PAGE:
Nike’s lean manufacturing model has kept its production costs low, but disruptive technology may soon force the company to reconsider its strategy.
To put it simply, Nike is treading all over its competition. Ranked as the world’s most valuable sports brand and worth a whopping $15 billion, the company employs over 74,000 people worldwide. Its largest revenue source is, unsurprisingly, footwear, which eclipses apparel and sports equipment by a sizeable margin.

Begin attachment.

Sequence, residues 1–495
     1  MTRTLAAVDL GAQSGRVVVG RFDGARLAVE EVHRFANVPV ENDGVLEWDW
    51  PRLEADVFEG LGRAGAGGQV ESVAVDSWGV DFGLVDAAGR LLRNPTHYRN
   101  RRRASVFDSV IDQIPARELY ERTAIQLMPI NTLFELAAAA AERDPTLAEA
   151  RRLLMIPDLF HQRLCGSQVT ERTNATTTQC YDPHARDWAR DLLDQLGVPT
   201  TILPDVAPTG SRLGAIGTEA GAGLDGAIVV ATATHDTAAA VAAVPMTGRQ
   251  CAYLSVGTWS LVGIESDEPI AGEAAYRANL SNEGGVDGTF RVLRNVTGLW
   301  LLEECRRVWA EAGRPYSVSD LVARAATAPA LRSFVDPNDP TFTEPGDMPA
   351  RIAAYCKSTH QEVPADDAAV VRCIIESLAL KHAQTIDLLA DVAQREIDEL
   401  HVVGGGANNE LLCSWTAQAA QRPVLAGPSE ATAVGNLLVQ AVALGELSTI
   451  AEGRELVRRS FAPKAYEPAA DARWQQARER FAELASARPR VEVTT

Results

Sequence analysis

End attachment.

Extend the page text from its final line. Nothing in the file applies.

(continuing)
Shoes are fairly labor-intensive to manufacture, which, given the high cost of labor in the United States, makes their domestic production more or less untenable. It’s no wonder, then, that 99% of all shoes sold in the United States are manufactured abroad. Nike takes this a step further: not only does the company manufacture all of its shoes overseas, it also delivers around 85% of its footwear over lean manufacturing lines. Here’s how it works.